When Joe told me several weekends ago that his dad's birthday was coming up, I offered to make the cake and asked what kind he thought Roger (his dad) would like.
"Can you make an ice cream cake?"
I had no idea. I didn't even know if I had a powerful enough freezer, or for that matter, one with enough space to freeze multiple cake layers. I resolved to try, because (as they say) if you don't try, you'll never know.
One thing I did know was that Roger loves chocolate, so what better to include than my personal favorite perfect chocolate cake recipe. I made two 9in. layers of Ina Garten's Beatty's Chocolate Cake. After cooling completely on a rack, they were wrapped and placed in the freezer to firm up.
As for decorating? Well, by the time I'd iced the cake I was so amazed that it had actually come together that I was hesitant to ruin it with a bad attempt at writing "happy birthday" on top. What I did instead gave me a lot of flexibility.
I melted a bag of semi sweet chocolate chips over low heat, mixing constantly until just smooth. I then poured the melted chocolate into a pastry bag fitted with a rounded point and piped lots of little shapes onto big sheets of wax paper. I made swirls, stars, zig-zags, curls and other odd little designs that I thought might look interesting. After they hardened, I topped the cake with them by gently pressing an edge of each into the icing until it stood. I wanted an explosion of chocolate stars and fireworks bursting forth from the icing. Because this cake, if it were to personify anything, I would want it to be joy.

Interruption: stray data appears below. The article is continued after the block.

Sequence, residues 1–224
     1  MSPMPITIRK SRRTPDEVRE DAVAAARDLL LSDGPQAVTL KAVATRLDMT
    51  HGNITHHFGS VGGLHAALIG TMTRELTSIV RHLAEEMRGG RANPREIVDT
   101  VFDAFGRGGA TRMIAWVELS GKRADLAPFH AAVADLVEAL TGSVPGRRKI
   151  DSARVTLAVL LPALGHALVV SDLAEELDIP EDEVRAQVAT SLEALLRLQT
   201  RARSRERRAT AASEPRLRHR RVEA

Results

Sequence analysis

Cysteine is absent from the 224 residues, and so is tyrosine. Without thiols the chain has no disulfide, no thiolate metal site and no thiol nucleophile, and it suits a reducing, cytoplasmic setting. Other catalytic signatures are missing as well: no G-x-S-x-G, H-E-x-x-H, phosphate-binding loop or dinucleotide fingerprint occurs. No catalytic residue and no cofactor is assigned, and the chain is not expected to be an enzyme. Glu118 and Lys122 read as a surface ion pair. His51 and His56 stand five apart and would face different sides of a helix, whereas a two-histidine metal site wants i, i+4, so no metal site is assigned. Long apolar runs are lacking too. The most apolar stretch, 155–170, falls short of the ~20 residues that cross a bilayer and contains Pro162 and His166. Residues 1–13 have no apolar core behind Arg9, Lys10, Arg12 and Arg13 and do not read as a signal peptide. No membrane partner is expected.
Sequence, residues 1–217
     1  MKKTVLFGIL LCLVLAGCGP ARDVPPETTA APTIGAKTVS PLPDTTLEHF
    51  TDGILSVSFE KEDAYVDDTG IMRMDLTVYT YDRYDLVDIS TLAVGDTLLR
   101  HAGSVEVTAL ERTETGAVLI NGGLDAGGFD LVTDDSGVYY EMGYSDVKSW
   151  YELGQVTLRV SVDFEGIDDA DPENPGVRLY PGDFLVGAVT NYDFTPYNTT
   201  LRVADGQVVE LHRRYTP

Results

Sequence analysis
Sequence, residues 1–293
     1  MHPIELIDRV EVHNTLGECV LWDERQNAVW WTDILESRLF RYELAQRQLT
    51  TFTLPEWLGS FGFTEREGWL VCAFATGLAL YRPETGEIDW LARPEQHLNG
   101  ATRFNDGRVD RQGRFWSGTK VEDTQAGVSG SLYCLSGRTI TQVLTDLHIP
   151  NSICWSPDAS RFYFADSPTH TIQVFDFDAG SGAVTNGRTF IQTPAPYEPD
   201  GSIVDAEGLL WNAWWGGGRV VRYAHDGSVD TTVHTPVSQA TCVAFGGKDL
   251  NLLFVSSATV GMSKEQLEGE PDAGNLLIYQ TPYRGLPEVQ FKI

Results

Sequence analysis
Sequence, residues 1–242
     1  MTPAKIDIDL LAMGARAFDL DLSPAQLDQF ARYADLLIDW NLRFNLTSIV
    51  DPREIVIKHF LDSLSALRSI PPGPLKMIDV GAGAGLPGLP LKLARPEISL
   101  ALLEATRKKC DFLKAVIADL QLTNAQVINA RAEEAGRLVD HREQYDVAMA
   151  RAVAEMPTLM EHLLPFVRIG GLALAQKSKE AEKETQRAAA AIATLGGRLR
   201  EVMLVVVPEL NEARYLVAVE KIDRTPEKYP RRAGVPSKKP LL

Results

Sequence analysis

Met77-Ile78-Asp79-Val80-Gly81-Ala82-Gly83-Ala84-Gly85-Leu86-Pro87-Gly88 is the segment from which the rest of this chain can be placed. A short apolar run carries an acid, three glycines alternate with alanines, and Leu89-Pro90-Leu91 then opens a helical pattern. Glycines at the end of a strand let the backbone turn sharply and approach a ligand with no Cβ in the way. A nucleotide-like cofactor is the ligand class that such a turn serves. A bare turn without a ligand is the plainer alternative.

With the freezer turned to its highest setting, I returned the cake to it once more to prepare for its final 10 minute trip to Joe's parents' house.
Fortunately, Joe had pre-warned his mom to make freezer space, and it was quickly tucked away to wait patiently for its unveiling after dinner.
At last I saw it opened, still decorated and stable, and was finally able to breath a sigh of relief.
And the inside looked really cool!
I was really proud of this, especially once I saw how well it held up after we took a few slices out. Aside from the icing starting to get soft, the layers of cake and ice cream remained remarkably firm and tasted oh-so-good. After Roger had two slices, I felt comfortable in assuming that it was in fact, delicious.
What I learned throughout this little endeavor is that ice cream cake doesn't take a ton of time on any given day, just the patience to take small steps in between freezings. While it took me the course of a week to make, I worked on it for maybe 5 minutes each day either stacking, unmolding, icing, or decorating. An exercise in patience? Yes.
Worth it in every way when I saw the smiles on the faces of the folks around me eating it? You bet.
Ciao for now,